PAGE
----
Young salmon are also under pressure from a growing number of harbour seals in the Salish Sea, the project found. 

    While chinook and coho are a limited portion of the seals’ diet, the number of seals negatively impacts salmon survival rates, already under strain from human-caused climate change, notes Pearsall.

    The study doesn’t advocate for widespread culls, which would require the elimination of up to 50 percent of the seal population, and the constant removal of a significant proportion every year after, to have any real effect on salmon, she says. “It’s just untenable to make such a drastic move in an ecosystem that nobody fully understands,” says Pearsall, adding other pressures and changes are also at play since abundant salmon stocks existed alongside large seal populations in the past. 

    “I think we need to look at the anthropogenic changes that we’ve made that make the salmon more vulnerable to predation,” she says. 

    That could include removing infrastructure like log booms in estuaries where seals can hang out waiting for salmon without fear of being eaten themselves. 

    Or by changing hatchery practices, such as the release of large groups of juvenile fish upriver, often in low water, which make young salmon easy pickings for all sorts of creatures, including raccoons or herons. 

    Implementing solutions that could ensure higher river or stream flows to provide more cover and cooler water to young salmon would also give them a fighting chance against predators and increase their survival, Pearsall adds. 

    The holistic, collaborative nature of the Salish Sea project has resulted in a framework for stakeholders on both sides of the border to respond more effectively in a co-ordinated manner to make gains in restoring endangered salmon stocks, says Pearsall. 

    While the study tallies the range of pressures on salmon, it has also pointed out some practical action.“We’re letting people know that what they’re doing can have impacts, both negative and positive,” says Pearsall. “There may be some things that are out of our control, but there are many immediate actions we can take.”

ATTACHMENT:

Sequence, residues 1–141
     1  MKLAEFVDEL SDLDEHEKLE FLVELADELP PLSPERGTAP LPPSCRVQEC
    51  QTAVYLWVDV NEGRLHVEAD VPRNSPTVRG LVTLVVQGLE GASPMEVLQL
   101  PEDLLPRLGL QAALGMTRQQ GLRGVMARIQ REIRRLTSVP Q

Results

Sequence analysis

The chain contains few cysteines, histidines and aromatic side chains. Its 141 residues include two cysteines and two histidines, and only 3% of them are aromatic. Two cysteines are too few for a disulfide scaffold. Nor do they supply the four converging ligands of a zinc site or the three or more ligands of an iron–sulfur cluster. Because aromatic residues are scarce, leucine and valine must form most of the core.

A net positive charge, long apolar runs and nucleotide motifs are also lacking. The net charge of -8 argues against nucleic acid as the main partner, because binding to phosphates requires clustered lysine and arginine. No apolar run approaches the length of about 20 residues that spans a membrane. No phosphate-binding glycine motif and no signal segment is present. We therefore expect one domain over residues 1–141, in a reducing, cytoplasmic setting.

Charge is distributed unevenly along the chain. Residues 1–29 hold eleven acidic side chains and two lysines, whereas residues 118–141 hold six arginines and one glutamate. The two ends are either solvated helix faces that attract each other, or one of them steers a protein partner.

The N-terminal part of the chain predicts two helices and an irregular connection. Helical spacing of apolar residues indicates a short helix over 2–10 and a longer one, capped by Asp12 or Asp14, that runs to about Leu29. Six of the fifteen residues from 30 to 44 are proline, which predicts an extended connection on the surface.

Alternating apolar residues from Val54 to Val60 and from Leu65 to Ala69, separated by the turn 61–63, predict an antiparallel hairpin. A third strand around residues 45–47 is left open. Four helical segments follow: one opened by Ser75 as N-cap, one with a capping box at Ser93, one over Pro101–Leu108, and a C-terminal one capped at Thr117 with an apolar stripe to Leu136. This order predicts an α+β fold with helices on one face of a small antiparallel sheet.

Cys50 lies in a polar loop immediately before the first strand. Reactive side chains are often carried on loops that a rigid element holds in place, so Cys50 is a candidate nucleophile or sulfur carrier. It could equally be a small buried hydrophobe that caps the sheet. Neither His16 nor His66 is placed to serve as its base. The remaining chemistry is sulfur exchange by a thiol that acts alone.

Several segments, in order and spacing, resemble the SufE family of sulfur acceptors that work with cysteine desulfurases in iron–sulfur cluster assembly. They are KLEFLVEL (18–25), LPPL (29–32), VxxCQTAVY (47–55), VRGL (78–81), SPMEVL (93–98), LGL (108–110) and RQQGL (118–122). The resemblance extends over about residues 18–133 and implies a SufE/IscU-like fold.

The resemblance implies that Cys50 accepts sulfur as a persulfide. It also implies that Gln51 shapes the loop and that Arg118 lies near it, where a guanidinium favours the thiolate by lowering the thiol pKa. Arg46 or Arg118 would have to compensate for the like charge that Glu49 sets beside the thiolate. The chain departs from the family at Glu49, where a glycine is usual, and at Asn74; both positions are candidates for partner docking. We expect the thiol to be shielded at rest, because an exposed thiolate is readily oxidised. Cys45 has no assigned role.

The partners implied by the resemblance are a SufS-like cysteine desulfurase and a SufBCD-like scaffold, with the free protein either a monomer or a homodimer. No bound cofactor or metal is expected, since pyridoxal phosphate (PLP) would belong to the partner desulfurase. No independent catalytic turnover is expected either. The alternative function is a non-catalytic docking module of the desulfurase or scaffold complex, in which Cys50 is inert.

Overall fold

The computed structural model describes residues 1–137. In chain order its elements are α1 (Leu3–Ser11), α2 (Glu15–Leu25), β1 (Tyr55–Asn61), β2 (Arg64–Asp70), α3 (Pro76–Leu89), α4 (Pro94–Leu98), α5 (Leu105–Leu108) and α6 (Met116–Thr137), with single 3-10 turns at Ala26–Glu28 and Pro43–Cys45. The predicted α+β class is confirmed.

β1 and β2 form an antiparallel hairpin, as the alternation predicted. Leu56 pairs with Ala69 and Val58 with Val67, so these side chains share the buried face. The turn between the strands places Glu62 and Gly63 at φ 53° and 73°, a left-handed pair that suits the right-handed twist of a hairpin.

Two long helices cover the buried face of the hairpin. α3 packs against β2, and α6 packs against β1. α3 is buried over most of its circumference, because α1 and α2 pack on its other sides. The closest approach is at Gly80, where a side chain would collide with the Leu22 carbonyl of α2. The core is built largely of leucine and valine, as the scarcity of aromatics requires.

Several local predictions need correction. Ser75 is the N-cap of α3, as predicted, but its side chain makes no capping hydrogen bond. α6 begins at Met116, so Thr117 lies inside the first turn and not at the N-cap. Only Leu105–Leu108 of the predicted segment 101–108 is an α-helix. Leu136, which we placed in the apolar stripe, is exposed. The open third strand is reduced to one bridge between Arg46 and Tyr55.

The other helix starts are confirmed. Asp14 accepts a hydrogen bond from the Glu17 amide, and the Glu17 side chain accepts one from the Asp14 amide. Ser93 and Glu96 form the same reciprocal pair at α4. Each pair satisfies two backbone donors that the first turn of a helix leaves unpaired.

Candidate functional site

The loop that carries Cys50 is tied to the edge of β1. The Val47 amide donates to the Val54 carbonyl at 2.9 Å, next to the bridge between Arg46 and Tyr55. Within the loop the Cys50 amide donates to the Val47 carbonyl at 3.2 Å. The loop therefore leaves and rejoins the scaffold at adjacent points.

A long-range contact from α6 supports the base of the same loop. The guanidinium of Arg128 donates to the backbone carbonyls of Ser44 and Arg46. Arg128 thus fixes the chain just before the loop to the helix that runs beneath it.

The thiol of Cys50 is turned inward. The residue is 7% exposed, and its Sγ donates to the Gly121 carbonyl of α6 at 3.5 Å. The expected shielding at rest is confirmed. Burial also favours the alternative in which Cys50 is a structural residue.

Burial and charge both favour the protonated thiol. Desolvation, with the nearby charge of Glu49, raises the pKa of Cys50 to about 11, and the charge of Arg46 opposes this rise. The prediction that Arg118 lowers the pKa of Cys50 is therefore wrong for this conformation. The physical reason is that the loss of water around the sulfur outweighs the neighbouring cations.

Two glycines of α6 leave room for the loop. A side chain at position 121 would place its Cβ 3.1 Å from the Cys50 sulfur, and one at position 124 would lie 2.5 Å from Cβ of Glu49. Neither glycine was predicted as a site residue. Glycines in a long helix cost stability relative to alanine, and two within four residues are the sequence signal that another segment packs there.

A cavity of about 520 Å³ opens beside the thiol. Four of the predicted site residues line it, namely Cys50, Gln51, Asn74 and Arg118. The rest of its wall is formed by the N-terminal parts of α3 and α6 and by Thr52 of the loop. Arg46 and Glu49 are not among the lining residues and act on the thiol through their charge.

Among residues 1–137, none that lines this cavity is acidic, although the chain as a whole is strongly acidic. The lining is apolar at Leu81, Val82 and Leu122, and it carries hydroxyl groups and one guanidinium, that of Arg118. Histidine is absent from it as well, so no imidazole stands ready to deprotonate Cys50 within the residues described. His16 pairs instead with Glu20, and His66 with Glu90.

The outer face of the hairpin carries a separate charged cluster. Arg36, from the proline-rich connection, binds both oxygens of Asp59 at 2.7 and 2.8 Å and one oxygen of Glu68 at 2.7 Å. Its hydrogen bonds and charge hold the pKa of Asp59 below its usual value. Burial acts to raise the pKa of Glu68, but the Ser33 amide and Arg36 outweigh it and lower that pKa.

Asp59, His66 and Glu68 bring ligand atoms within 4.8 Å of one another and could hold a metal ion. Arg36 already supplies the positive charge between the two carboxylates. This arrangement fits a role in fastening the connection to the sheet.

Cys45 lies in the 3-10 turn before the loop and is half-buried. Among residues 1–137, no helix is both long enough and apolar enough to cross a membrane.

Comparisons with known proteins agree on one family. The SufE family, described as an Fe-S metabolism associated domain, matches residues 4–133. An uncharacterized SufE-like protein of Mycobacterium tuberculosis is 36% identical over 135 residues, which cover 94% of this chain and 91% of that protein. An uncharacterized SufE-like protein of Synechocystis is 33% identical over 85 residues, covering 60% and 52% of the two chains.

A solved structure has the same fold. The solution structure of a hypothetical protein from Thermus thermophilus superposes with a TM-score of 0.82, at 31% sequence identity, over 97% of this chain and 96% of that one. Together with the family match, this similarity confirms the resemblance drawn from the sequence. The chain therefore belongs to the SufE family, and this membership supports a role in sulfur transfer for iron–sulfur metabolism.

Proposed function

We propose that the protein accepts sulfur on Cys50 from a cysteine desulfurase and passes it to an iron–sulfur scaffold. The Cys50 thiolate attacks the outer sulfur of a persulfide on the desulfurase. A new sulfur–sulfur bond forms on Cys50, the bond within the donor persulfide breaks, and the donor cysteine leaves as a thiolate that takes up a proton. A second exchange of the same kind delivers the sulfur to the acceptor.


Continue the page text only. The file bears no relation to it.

Rochelle Baker is a Local Journalism Initiative reporter with Canada’s National Observer. The Local Journalism Initiative is funded by the Government of Canada.

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    Any article on declining salmon that does not mention the devastating effects of fish farms is completely inadequate, and in some ways, less than honest journalism.  There is no denying that when fish farms are removed from areas where  salmon have returned in the past, there is a significant increase  of  numbers of salmon who successfully migrate. Why wasn’t this “controversy” at least mentioned? Is it because this report was sponsored by the government, who has a vested interest in keeping our Norwegian fish farm overlords happy?

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    Linda makes a good point about the fish farm question. But the report by the Pacific Salmon Foundation—which by the way has advocated for all fish farming to be “contained” since 2018—indicates more data is needed to make conclusions about its role in relation to wild salmon health in the Salish Sea.

    Read the full report here: https://marinesurvival.wpengine.com/wp-content/uploads/2021PSF-SynthesisPaper-Screen.pdf

    As for the federally-funded “Local Journalism Initiative,” funds to hire reporters are distributed via arms-length organizations like (in the case of the National Observer), News Media Canada. Other media like FOCUS are granted the right to re-publish such stories for free. The government has no direct influence on the stories produced.

    Here's a story re the federal government and fish farms by Rochelle Baker: